But for this reader, the particular pleasure of Lessons in French is its author's astute, often wicked-funny social commentary. Reyl presents an indelible portrait of the manners and mores of a particular place at a particular time: Paris at the tag end of the 1980s.

As her heroine, Kate--a recent Yale graduate who speaks perfect French--tries on other people's lives before discovering her own, she attempts to decipher the rules governing the complex social perspectives of the intellectual celebrities--would-be and actual--who frequent the household where she is employed; the aristocratic playboys--BCBG (bon chic, bon genre)-- who seem to live for oysters and champagne; the social outcasts, such as Kate's gay cousin Etienne; and his decent, conventional parents, who have scrimped all their lives on the outskirts of Paris to save up for a humdrum retirement in Orleans.

But Reyl reserves her most pungent satire for Lydia Schell, Kate's narcissistic, manipulative, and utterly unforgettable employer, an American photojournalist with houses in Paris and Manhattan, and for Lydia's hapless British husband, Clarence. As Kate listens to their savage repartee and begins to decode their complicated marriage, readers will be reminded of Albee and Proust.

Yet for all its bite, Reyl's ridicule never merely attacks its targets. Selfish and limited as the BCBG playboys seem, one of them weeps when his parents' divorce. Even the warring Schells never quite lose their humanity. Although their marriage seems likely to continue as a blood sport, Clarence and Lydia will remain forever joined, if only by a shared despair.

Reyl's lively heroine comes to Paris in search of "experience." Like Kate, readers of this stunning debut novel will not only find themselves whisked away to a fabled city, but they will also attain a rare understanding of the subtle social codes governing the inhabitants' behavior.

















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Laurie Blum, April 24, 2013 (view all comments by Laurie Blum)
When I read the line "It's the best city to wander around alone because it's so beautiful you feel like it's hugging you" I already knew I was going to enjoy Hilary Reyl's "Lessons in French." Through the eyes & ears of main character, Katie, an American, the author brought Paris to life for MOI, the reader ... the vivid descriptions & sparkling witty dialogue took me on a virtual romp through the City of Lights. We are treated to some 1989 world history as the Berlin Wall is tumbling, reminders of the 'fatwa' on Salman Rushdie & beyond. The complicated Schell residence where Katie lives is 'dysfunction on steroids' with its colorful characters!! Don't miss this novel ... savoir vivre!!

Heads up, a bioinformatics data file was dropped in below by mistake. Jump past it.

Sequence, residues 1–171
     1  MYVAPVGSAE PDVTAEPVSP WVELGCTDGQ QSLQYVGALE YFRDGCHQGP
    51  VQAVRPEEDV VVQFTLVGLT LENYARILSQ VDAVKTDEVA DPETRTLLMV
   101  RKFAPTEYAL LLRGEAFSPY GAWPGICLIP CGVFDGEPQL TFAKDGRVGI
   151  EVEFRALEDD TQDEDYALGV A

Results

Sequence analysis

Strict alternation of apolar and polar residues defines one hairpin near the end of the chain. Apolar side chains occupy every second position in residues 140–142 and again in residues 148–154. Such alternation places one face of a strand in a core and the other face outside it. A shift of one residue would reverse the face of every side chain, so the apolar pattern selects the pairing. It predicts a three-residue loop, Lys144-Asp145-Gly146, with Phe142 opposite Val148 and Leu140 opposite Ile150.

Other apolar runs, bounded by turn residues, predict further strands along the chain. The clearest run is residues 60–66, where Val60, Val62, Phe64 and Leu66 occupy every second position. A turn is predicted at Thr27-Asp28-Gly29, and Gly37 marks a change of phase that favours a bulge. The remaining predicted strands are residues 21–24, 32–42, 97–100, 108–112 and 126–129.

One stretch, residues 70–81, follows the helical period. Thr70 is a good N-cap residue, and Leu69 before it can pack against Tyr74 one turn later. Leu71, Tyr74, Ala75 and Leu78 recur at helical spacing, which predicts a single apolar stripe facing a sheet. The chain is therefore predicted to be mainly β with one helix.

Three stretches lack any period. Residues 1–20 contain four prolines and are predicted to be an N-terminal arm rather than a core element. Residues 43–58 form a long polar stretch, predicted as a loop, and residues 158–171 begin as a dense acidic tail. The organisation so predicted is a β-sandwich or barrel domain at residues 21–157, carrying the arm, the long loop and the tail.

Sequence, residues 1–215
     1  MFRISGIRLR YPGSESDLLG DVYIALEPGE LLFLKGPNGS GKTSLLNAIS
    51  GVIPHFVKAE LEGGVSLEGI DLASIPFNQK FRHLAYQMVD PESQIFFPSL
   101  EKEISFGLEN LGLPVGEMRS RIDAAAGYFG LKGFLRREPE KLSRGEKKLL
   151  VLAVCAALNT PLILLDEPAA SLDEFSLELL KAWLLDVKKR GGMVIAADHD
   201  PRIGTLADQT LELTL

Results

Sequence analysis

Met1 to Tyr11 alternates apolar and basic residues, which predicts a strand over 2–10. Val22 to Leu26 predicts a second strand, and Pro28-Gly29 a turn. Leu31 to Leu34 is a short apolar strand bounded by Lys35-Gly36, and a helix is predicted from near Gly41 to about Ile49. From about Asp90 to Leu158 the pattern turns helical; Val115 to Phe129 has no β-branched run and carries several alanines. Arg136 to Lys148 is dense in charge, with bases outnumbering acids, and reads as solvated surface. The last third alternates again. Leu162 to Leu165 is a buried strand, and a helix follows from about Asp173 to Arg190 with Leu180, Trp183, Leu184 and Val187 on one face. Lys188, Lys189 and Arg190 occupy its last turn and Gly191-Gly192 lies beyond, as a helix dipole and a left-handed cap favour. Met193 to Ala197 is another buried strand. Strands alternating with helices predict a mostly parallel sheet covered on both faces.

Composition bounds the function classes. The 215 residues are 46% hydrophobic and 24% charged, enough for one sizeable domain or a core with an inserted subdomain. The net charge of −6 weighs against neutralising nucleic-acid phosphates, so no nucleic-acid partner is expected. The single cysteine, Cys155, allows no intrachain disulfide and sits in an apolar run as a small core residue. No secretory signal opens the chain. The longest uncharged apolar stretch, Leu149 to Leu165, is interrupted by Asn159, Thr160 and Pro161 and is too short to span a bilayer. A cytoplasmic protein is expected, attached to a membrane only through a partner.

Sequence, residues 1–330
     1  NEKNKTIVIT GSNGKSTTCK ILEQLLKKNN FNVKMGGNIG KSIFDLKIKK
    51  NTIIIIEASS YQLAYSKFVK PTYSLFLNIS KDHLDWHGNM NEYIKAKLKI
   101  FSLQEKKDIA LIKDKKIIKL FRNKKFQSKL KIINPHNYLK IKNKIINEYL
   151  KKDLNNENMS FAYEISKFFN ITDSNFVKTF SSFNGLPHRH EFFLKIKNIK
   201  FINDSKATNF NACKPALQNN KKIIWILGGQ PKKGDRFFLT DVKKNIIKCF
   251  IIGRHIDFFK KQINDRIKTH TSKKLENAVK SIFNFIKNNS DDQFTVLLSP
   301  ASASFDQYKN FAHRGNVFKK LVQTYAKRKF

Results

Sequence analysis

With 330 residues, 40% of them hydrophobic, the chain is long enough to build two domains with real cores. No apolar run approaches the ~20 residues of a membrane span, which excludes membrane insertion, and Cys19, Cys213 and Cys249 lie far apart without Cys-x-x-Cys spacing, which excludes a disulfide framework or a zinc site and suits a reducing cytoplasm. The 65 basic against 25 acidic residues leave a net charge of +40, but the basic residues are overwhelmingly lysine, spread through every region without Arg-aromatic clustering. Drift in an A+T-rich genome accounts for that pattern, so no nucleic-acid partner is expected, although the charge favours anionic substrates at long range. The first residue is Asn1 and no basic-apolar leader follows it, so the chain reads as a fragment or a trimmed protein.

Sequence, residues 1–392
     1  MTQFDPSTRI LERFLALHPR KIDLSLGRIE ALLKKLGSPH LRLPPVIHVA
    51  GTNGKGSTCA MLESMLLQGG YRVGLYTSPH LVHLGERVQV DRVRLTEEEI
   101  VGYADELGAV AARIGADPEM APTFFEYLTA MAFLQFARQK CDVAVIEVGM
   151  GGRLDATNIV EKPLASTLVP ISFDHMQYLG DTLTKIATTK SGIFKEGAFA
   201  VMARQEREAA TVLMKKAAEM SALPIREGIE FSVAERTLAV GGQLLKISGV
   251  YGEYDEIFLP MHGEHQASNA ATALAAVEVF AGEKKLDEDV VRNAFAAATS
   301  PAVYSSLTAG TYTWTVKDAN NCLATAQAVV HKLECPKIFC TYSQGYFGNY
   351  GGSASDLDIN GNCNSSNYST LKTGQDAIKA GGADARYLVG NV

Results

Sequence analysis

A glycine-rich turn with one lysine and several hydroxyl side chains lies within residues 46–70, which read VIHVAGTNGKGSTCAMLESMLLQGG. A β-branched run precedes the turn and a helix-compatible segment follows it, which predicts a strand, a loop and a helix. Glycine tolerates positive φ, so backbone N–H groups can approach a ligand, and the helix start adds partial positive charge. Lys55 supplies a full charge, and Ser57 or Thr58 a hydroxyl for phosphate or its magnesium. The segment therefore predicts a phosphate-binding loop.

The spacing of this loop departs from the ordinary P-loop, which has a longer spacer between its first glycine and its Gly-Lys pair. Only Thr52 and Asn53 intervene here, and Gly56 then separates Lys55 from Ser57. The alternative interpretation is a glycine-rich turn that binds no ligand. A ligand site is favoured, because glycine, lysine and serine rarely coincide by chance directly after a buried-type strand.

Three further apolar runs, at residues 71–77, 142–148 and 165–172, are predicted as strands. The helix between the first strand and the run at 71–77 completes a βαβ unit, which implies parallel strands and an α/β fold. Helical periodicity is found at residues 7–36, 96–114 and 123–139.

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Michelle A Shannon, March 10, 2013 (view all comments by Michelle A Shannon)
Kate has the opportunity of a lifetime in her role as the assistant to a famous photographer. Not only will she be living with the Schell family, meeting their famous circle of friends, but she will have the opportunity to work on improving her art in a city that caters to untried artists around the globe. Hilary Reyl’s debut novel, Lessons in French, follows Kate as she adjusts to her new surroundings, meeting new friends, connecting with old ones, and discovering love and life in the quintessential city for doing just that.

Kate is meant to be sympathetic - a young woman with parental issues looking to find herself in Paris. However, she comes across as particularly naïve, weak, and easily manipulated. Her deep-seated need to please everyone quickly evolves from endearing to annoying. Similarly, her inability to heed the advice of her friends is maddening. Someone with the strength and mental fortitude it takes to move to a different country and start a new live-in job with strangers should have more of a backbone than the one not exhibited by Kate. It is almost as if she feels it necessary to punish herself for some unknown, long-ago indiscretion, but the punishment lasts too long and does not fit whatever crime she believes she committed. The end result is a character whose mental turmoil irritates rather than creates sympathy, which is not necessarily optimal for a coming-of-age story.

Living in Paris, or at least abroad, is a dream most people will never realize. The history, the architecture, the atmosphere - they all help Paris feel like the ideal locale to find oneself and learn about life. Yet, Ms. Reyl’s version of Paris is one that diminishes the mystique of this beloved city. The charming elements of the city have been tainted by the milieu into which Kate has been thrust. The Schells are horrible snobs, looking down on anyone who does not hold their same ideals and perfectly awful towards those who are no longer in their favor. Their liberal airs border on the maniacal, while their esoteric jokes about such things as Deconstructionism and sycophancy in journalism feel overdone and false. A reader is left wondering if people actually talk like the Schells and cannot help but feel disappointed that their influence diminishes the quirky aspects of the city.